Leftist politics is characterized by ressentiment in the exact way Nietzsche diagnosed (i.e. the claim that we are ‘good’ because the other is evil, the ‘seas of Nazis’ around every corner, the ‘racists’, ‘fascists’, ‘transphobes’, ‘whorephobes’ and so on that are apparently everywhere and especially in the dark hearts of others.
The structural instability of the Left coalition requires an external enemy to render it coherent. This is clearest in the United States, where “anti-white” ideology functions as what Steven Sailer describes as the “KKKrazy glue” holding together a “coalition of the margins” that otherwise does not share any interests or sympathy. Simply put, the interests of a LGBT+ computer programmer at Google and a black woman on welfare in Atlanta are far from being the same, except to the extent that both can be folded into a raiding party. Girard analyzes this figure mimetically in the form of the scapegoat, but economics and mimetics are not entirely distinct. The essence of Leftist politics in the United States is that it is directed at people who have something to take, to expropriate.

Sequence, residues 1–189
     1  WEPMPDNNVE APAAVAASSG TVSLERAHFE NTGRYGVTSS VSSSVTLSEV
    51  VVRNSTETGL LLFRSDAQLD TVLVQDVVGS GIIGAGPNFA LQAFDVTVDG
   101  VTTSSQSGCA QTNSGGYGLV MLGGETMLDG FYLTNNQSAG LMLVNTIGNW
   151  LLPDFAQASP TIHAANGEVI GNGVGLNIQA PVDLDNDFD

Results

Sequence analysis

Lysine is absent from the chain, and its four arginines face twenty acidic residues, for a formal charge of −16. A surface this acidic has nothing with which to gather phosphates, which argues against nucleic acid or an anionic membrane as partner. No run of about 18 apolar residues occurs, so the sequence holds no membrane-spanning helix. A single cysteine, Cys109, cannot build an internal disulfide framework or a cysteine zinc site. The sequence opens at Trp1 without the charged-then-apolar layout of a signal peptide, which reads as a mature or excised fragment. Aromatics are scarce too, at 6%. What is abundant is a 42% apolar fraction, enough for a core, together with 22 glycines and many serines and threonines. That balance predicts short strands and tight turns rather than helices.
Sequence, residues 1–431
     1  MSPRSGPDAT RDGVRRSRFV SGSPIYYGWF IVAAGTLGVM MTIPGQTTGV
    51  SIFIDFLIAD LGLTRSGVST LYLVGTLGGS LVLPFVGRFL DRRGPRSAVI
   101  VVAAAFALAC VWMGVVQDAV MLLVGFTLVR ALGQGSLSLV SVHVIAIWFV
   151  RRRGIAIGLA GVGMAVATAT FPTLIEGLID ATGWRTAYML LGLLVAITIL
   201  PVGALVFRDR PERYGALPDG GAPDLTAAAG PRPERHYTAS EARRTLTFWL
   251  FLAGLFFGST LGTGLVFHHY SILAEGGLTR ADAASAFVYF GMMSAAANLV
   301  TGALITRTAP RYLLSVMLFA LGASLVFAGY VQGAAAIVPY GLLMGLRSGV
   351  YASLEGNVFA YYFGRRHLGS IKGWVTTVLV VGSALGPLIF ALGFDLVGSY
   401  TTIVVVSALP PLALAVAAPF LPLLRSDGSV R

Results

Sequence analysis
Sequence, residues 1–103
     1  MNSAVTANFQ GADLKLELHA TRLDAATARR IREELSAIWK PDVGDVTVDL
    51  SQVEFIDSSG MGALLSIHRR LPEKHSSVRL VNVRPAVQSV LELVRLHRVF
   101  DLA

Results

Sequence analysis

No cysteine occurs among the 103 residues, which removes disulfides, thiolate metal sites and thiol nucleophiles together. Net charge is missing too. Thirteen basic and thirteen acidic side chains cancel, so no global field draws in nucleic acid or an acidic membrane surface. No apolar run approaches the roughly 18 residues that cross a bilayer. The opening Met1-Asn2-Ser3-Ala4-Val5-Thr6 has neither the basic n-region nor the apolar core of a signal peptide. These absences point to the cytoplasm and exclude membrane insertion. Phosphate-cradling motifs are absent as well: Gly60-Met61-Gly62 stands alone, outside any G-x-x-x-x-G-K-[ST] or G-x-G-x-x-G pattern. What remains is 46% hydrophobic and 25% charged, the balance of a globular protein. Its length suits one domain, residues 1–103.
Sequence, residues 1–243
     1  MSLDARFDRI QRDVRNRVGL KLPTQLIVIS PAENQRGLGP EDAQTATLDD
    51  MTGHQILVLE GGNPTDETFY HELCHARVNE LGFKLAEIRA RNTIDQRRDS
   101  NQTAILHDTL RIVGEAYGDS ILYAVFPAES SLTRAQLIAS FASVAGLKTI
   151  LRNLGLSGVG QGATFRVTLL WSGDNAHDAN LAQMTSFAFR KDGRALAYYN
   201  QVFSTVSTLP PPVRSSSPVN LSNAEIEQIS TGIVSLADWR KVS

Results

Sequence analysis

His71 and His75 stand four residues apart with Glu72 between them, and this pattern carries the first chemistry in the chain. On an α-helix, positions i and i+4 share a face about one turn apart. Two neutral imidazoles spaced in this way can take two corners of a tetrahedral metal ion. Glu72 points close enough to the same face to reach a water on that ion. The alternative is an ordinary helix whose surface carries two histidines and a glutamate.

Being ‘left’ is a matter of permanent vigilance – despite ‘hating the police’, the left does a much better job of policing themselves than the Stasi could have dreamed of. One observes here, with regret, the collapse of the private/public divide, so private wrong-think can turn into a witch hunt in minutes, if a confidence is shared with the wrong person. There can be no inner life, or independent thought for the Left.
One could speak of a distributed panopticon, strangely consistent with the “policeman inside” introduced by the New Left at the end of the sixties. The New Left project, of course, was ostensibly to destroy this policeman, but it now seems clear that the opposite took place. Lacan’s famous retort to the 1968 students “as hysterics you are looking for a new master. You will get one,” has never seemed so prophetic. In his terms, the project of bypassing the ego, the ego-ideal, has engineered a kind of alliance between the superego and the id, the most desperate of all conditions.